Coronavirus: Norfolk enters Tier 2 of government COVID-prevention system for Christmas
Posted: Tue, 01 Dec 2020 16:24
As of 2 December, the national restrictions set by the government a month ago are being lifted, as the country returns to a stricter version of the Tier system in time for the festive period. It was announced that Norfolk, like much of the rest of the country, will be in Tier Two. These measures are being put in place to try and slow the rate of infection around the country, so it is important they are adhered to. But what do they mean for us?
What do the new tiers mean?
The tier system we will see is similar to the one earlier in the year, but with stricter measures in place. Whilst the restrictions imposed by being in Tier 2 will enable many businesses to reopen in Norfolk, and for us to socialise in groups of up to 6 again, we are still unable to mix in an indoor setting with anyone outside our household or support bubble.
Tier one (Medium alert): Only a few areas will fall into Tier One, including the Isle of Wight and Cornwall. This tier must adhere to the rule of 6 indoors and outdoors. Many businesses can reopen, including entertainment, accommodation and indoor leisure centres, and exercise classes and adult sport may take place (though must adhere to the rule of 6 if taking place indoors.) Sports and live performance capacity is limited to 4000 people outdoors or 1000 people indoors.
Tier two (High alert): Norfolk falls into Tier Two of the three-tier system, along with surrounding areas Suffolk, Cambridgeshire, and Essex. The same rules as Tier One apply to those in a Tier Two area, but with added restrictions. When meeting friends and family, this must be done in an outdoor setting as no mixing of households is allowed indoors (there are likely to be some exceptions for a few days over Christmas). Most businesses can reopen, and classes and adult sport may resume outside. Sports and live performances are limited to 2000 people outdoors or 1000 people indoors.
Tier three (Very high alert): The strictest tier of all sees areas such as Bristol, Greater Manchester and Kent on 'very high alert'. This tier prevents the mixing of households both indoors and in most outdoor places. Where mixing is allowed, such as in a support bubble, this must adhere to the rule of 6. Hospitality is closed, as are entertainment venues. Classes and organised adult sport may take place outdoors provided higher-risk contact activity is avoided. Sports and live events should not take place.
What does this mean for Norfolk?
As Norfolk is in Tier 2 as of 2 December, it means the restrictions are being relaxed a little from the national lockdown. We will be able to socialise outdoors with friends and family, provided we adhere to the rule of 6 and maintain social distancing wherever possible.
For those who have been missing out on physical activity, there is some good news. Gyms and leisure centres may reopen in a COVID-safe manner, alongside many entertainment venues. We will be able to return to organised sports and classes outdoors, and a limited number of people will be able to watch live sports.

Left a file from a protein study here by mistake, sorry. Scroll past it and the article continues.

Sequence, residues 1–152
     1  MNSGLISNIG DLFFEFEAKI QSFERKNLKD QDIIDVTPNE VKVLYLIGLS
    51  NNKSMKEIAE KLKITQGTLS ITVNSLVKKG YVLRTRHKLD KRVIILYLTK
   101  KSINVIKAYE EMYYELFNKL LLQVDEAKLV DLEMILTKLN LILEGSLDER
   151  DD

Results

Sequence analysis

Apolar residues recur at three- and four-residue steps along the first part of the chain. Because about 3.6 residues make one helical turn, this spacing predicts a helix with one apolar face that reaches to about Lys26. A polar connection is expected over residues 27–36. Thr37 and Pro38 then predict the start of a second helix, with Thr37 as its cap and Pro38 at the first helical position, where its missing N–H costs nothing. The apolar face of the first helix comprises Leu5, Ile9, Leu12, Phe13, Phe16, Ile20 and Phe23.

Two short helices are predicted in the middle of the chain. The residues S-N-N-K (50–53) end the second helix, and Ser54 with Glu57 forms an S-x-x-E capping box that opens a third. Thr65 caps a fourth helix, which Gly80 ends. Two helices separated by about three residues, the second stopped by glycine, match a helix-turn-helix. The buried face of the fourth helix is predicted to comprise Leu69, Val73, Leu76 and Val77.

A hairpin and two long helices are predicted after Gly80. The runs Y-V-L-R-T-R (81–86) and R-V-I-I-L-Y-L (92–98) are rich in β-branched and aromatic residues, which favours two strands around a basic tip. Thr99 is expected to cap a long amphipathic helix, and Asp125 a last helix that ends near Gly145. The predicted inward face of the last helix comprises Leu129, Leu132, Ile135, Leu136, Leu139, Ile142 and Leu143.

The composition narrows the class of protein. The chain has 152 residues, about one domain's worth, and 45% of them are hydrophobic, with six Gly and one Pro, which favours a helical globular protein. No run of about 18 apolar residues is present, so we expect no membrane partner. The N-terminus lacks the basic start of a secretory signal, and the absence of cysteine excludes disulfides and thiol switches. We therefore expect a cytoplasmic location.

In terms of travelling, we are being advised to reduce the number of journeys being made, and walk or cycle wherever possible to clear space on public transport. Avoid entering a tier 3 area, other than where necessary (such as for work or education).
There are exemptions to the rules, which can be found on the government website.
What does the new tier system mean for Christmas in Norfolk?
Coronavirus measures on household mixing will be relaxed slightly throughout the country between December 23 - 27 2020. During this time, families will be able to meet with up to two other households in a private home for five days, in order to celebrate the festive period. The travel restrictions will also be lifted to allow families living further apart to meet. This will allow people to celebrate Christmas with their loved ones, and catch up with family members they may not have seen in a while.
The main takeaway from the government advice is that we need to remain vigilant. When returning to a more normal way of life, continue to wash your hands regularly, wear a mask when required and social distance wherever possible. By remaining careful, we can continue to try and protect ourselves and our loved ones.
Have you recently had Coronavirus symptoms?
As we begin to understand the virus a little more, it's becoming clear that recovering from Coronavirus doesn't mean you're in the clear. It is crucial we understand the long-term effects of the virus, and how this can impact us. It's come to light that physical activity can not only play a huge role in boosting your immune system and fighting off winter illnesses, but can also be crucial in recovering from COVID-19. We'll be releasing a new page for those who have been diagnosed with or recovered from Coronavirus, on the resources available to help you return to a normal lifestyle, so watch this space.